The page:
STRONGER TOGETHER. Sophomore Zoe Gonzalez joins her mother, Kyle Gonzales, and her mother's friends, at the Women's March on Washington on Jan. 20.
STRONGER TOGETHER. Sophomore Zoe Gonzalez joins her mother, Kyle Gonzales, and her mother’s friends, at the Women’s March on Washington on Jan. 20.

In light of President Donald Trump’s inauguration, sophomore Zoe Gonzalez joined 500,000 other people to stand together for the protection of civil and health rights at the Women’s March on Washington.

The Women’s March on Washington occurred the day after President Trump’s inauguration, Jan. 21. The demonstrators marched to protect diversity, safety, health, families and civil rights, as they think President Trump will not honor those ideals. The march served, not a way to express approval or disapproval of President Trump, but an opportunity that give both women and men a place to share their political views on a variety of issues. 

“I wanted to attend the march because I felt like I needed to do something big and historic [after the election.] I knew [politics] was something I felt extremely strongly about and I knew this event would be in history books forever,” Z. Gonzalez said. “I think people will realize that we are not about to let Donald Trump mess up our nation.”

The Women’s March on Washington became the largest inauguration protest in United States history. Approximately 3.3 million people participated in over 150 marches around the world. Alongside Z. Gonzalez, her mother Kyle Gonzalez, Liz Herndon, Chris Bramuchi, and Stephanie Walsh traveled from Orlando to Washington, D.C. to participate.

“I decided to go to the Women’s March on Washington after the current President won the election. While I honor the democratic process and have voted in every presidential election since I was 18, I could not stay silent about nor accept the misogynistic remarks that the current president has made about women and then brushed off as ‘locker room talk,'” K. Gonzalez said. “More importantly, I wanted my daughter to know that it is never acceptable to be sexually harassed nor objectified.”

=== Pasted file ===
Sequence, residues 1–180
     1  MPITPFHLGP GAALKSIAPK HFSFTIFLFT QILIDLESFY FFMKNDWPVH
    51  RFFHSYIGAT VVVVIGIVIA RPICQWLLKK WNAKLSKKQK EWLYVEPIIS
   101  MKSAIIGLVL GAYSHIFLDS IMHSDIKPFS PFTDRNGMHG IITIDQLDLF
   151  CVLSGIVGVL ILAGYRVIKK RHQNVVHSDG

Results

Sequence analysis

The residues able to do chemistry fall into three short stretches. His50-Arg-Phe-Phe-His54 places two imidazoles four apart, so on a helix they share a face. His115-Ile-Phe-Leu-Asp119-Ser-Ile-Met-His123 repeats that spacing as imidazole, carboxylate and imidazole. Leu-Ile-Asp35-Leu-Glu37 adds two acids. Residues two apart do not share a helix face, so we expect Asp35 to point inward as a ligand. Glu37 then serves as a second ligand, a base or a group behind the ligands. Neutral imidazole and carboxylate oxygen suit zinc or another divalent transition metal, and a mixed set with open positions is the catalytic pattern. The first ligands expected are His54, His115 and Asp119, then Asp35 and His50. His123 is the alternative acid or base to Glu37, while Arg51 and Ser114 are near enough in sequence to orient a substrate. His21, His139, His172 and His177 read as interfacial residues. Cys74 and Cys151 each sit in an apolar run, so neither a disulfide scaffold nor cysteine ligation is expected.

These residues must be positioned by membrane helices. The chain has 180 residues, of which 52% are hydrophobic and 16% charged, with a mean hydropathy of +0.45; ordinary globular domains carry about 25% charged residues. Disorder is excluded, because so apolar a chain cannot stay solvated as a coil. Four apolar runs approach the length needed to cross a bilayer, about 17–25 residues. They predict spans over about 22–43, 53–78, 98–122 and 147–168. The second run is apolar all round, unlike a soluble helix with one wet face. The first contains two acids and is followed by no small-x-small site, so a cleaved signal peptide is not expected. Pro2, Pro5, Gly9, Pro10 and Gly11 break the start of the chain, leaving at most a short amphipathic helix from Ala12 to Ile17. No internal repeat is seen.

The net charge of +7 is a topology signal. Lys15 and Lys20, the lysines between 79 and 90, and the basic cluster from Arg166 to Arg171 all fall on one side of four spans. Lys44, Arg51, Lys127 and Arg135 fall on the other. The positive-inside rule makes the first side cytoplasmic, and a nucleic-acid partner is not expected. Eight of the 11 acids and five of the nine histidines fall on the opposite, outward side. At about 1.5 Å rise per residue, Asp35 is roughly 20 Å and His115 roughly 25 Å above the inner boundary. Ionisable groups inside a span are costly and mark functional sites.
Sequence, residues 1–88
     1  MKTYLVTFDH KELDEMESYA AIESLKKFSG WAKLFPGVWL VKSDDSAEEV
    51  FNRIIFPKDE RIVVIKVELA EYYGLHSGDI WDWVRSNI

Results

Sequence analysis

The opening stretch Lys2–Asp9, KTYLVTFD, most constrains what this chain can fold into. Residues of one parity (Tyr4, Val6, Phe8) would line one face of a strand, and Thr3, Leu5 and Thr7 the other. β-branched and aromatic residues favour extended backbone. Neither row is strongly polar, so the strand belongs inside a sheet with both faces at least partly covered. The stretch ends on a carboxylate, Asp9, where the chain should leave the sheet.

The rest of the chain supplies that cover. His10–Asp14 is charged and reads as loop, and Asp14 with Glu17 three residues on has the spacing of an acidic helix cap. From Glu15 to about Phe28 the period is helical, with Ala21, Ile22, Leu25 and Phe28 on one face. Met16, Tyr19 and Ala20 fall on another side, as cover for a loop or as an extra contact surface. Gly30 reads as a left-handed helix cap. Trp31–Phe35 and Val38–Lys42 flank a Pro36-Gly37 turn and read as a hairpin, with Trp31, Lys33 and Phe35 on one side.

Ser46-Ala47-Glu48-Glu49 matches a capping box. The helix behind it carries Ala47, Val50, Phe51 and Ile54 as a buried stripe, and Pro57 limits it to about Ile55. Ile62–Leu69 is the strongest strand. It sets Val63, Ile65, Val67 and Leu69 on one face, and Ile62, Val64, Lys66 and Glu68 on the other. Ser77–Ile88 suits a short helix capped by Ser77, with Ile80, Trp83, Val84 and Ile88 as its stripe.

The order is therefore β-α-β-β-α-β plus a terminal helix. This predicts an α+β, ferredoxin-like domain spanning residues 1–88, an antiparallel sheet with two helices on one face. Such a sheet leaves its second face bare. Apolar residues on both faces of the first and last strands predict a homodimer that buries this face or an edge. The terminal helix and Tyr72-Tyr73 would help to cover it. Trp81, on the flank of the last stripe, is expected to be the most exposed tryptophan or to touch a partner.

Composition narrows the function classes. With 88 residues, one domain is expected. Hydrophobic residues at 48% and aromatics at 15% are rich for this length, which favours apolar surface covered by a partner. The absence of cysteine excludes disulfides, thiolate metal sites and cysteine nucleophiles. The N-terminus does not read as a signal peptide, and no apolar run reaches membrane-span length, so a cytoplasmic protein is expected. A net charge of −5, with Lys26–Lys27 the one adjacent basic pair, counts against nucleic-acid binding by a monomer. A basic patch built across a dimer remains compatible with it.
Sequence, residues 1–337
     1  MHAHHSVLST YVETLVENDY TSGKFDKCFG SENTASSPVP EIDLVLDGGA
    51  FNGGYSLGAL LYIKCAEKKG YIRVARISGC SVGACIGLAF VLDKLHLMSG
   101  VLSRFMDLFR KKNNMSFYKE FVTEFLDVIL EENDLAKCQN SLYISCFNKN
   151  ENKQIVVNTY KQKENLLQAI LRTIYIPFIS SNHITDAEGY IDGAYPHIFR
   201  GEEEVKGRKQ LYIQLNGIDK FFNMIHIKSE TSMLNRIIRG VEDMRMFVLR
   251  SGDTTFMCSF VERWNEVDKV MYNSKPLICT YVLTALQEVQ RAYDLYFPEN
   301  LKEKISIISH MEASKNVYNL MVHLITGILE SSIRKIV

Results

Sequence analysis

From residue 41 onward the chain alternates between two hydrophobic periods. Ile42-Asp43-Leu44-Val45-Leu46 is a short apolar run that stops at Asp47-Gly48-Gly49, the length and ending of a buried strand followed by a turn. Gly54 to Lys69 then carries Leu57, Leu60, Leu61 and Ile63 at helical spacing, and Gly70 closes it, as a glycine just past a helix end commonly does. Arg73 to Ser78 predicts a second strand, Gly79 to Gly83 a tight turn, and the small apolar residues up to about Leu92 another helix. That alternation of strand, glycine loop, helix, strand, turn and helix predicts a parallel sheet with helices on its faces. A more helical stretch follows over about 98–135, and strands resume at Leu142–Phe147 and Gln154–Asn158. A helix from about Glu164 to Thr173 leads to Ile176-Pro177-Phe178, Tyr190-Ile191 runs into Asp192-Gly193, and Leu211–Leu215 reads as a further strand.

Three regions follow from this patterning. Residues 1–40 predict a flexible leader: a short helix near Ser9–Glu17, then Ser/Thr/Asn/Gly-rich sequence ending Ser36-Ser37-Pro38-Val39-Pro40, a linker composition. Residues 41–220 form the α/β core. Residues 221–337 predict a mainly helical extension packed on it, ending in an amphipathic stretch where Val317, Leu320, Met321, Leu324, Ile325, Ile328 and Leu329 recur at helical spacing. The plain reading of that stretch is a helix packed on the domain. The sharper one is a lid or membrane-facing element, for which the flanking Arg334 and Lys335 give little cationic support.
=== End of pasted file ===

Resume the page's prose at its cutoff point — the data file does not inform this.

Z. Gonzales brought over 200 rainbow ribbons, or “Pulse Ribbons,” to hand out to the people of the march in honor of the 49 victims of the Pulse shooting. She also made posters that read “The New York Woman stands for equality,” referring to the statue of liberty.

“I brought the ribbons because I wanted to tie the two of the biggest events in my life together,” Z. Gonzalez said. “The Pulse shooting was so close to home and people were so touched we traveled so far to continue support for the victims and survivors, while attending the march.”

Before the march, Congresswoman Stephanie Murphy, Congresswoman Debbie Wasserman Schultz, Congressman Bill Nelson, democrats, hosted a morning breakfast for Florida citizens at the Library of Congress.

Z. Gonzales plans to attend more protest marches, but hopes she will not have to.

“The overall attitude of the march was so positive and empowering. Even though we stood out in the cold from 7 a.m. to 8 p.m., I did not want to leave. I loved every second of it,” Z. Gonzales said. “I would attend another march in a heartbeat, but hopefully Trump will not give us any more reasons to march. We will see, and we will fight.”

By Bridget Hartig

I am a BoonePubs online staffer. I have an obsession with leadership camps, comedy and sleeping all day. Also I'm one of the funniest people you will ever meet.

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